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Deploying migrations from Atlas Cloud

Deploying without Atlas Cloud

A common way to deploy migrations using Atlas (or any other migration tool) is similar to this:

  • When changes are merged to the main branch, a CI/CD pipeline is triggered.
  • The pipeline builds an artifact (usually a Docker image) that includes the migration directory content and Atlas itself.
  • The artifact is pushed to a registry.
  • The deployment process is configured to use this newly created image to run the migrations against the production database.

This process is a common practice, but it requires setting up a CI/CD pipeline (including storage, permissions, and other glue) for each service, adding another layer of complexity.

Why deploy from Atlas Cloud?

Atlas Cloud streamlines deploying migrations by providing a single place to manage migrations for all your services. After connecting your migration directory to Atlas Cloud, it is automatically synced to a central location on every commit to your main branch. Once this setup (which takes less than one minute) is complete, you can deploy migrations from Atlas Cloud to any environment with a single command (or using popular CD tools such as Kubernetes and Terraform).

Deploying migrations from Atlas Cloud

To read the migrations directory from the Schema Registry, use the atlas:// scheme in the migration URL as follows:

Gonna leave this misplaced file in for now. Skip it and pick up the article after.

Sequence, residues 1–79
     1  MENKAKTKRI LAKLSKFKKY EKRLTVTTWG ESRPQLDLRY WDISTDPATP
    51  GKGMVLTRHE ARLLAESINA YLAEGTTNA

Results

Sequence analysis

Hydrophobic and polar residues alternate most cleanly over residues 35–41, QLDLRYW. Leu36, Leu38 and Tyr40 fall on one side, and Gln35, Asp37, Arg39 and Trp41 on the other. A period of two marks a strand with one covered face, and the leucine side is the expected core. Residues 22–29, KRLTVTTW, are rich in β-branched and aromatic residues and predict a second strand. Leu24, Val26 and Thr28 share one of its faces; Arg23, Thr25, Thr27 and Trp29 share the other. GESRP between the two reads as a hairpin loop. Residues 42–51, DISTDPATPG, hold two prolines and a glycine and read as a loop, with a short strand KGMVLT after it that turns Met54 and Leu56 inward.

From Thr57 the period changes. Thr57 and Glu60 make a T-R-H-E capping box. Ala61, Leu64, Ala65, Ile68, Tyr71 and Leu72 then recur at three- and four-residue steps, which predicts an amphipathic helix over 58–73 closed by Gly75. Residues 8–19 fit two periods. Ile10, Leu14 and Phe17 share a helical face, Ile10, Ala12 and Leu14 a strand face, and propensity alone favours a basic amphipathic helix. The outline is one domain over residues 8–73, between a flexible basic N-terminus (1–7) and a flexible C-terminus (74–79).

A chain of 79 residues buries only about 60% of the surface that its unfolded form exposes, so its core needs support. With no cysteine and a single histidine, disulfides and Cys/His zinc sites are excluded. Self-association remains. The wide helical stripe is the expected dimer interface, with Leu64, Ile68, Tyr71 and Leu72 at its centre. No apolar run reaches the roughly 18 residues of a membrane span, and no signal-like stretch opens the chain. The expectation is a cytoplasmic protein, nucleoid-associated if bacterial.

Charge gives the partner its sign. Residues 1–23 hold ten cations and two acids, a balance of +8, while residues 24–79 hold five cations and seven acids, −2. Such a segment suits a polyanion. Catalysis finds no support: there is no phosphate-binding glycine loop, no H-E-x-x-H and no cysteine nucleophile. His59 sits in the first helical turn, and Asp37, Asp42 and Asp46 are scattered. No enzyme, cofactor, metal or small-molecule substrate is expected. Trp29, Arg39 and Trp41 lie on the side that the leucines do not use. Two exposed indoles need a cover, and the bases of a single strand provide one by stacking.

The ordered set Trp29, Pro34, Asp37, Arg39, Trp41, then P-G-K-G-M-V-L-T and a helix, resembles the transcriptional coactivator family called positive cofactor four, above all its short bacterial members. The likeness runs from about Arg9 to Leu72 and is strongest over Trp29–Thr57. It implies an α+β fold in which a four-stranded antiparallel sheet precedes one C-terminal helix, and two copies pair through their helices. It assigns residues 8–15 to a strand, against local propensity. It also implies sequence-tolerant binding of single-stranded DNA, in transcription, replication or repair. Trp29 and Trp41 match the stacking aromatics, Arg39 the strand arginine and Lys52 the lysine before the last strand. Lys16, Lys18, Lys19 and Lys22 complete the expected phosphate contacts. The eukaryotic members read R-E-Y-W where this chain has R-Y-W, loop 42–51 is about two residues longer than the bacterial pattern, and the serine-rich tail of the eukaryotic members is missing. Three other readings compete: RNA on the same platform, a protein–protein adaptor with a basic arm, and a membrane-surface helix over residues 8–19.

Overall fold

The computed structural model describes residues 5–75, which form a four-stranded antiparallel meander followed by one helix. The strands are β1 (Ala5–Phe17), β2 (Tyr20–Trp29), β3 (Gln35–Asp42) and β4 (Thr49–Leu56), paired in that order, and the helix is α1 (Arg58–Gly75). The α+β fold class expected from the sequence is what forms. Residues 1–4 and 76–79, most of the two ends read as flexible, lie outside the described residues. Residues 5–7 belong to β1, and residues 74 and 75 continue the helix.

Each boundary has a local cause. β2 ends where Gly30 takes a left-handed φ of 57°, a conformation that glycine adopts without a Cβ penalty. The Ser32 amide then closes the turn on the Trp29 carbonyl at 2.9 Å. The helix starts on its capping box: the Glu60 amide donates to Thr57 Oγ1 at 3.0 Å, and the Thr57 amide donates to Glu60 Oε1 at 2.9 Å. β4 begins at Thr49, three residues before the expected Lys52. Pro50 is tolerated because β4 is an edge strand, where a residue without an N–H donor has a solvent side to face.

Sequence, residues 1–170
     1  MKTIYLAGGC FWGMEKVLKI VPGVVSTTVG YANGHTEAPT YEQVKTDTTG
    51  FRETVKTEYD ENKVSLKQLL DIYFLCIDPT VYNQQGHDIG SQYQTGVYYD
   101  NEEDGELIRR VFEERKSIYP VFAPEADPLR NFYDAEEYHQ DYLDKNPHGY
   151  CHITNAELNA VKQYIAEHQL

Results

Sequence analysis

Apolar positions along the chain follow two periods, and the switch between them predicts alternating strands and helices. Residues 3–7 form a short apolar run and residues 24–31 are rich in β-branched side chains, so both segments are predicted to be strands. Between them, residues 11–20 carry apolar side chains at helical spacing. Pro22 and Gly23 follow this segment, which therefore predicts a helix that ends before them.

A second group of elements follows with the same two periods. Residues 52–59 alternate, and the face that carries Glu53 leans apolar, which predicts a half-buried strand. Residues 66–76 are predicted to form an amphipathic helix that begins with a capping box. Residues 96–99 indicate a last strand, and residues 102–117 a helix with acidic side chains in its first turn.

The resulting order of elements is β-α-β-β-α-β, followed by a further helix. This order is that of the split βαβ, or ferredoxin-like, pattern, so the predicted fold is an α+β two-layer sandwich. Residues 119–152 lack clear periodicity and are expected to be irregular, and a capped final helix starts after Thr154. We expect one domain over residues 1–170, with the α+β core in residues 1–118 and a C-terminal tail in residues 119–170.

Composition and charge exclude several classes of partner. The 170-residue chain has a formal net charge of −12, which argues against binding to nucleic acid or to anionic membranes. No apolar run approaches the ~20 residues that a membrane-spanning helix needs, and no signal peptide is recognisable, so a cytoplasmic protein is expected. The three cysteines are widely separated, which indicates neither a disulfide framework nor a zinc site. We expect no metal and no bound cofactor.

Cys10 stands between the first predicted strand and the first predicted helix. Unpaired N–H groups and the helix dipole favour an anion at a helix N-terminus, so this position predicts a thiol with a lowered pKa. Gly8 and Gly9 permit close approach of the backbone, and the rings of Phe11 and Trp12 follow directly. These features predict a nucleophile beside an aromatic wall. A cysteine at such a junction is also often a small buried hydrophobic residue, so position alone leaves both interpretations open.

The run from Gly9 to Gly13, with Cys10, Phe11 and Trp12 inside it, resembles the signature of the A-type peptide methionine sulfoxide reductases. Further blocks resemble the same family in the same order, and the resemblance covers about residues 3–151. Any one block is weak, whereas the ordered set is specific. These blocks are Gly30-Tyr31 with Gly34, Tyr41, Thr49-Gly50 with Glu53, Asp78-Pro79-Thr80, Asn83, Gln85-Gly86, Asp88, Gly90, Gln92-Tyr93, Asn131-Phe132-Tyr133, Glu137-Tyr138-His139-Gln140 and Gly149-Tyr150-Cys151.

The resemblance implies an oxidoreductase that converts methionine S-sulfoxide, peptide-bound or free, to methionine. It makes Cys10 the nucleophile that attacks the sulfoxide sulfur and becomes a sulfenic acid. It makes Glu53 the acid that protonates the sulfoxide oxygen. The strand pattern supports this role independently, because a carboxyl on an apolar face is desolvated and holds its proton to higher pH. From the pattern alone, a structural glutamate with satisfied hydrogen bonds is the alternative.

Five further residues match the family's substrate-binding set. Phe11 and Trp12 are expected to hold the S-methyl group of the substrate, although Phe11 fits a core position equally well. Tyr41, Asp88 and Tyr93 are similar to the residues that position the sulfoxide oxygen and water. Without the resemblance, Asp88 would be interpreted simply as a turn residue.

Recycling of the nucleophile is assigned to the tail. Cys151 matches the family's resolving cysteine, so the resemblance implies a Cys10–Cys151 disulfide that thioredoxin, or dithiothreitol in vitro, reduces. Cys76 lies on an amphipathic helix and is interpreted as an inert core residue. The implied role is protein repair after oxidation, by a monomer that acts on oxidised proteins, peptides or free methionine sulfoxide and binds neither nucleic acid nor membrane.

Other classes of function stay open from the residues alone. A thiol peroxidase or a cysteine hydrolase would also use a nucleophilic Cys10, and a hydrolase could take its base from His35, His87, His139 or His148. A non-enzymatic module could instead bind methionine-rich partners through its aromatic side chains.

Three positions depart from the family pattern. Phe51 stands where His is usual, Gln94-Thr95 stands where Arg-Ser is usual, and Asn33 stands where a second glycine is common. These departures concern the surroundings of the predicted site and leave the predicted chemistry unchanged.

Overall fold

env {
// Set environment name dynamically based on --env value.
name = atlas.env
migration {
// In this example, the directory is named "myapp".
dir = "atlas://myapp"

Now you can deploy migrations from Atlas Cloud using the following command:

atlas migrate apply \
--url "<DATABASE_URL>" \
--config file://path/to/atlas.hcl \
--env prod

Visualizing Migration Runs

Schema migrations are an integral part of application deployments, yet the setup might vary between different applications and teams. Some teams may prefer using init-containers, while others run migrations from a structured CD pipeline. There are also those who opt for Helm upgrade hooks or use our Kubernetes operator. The differences also apply to databases. Some applications work with one database, while others manage multiple databases, often seen in multi-tenant applications.

However, across all these scenarios, there's a shared need for a single place to view and track the progress of executed schema migrations. This includes triggering alerts and providing the means to troubleshoot and manage recovery if problems arise.

When you use the configuration above with a valid token, Atlas will log migration runs in your cloud account. Here's a demonstration of how it looks in action: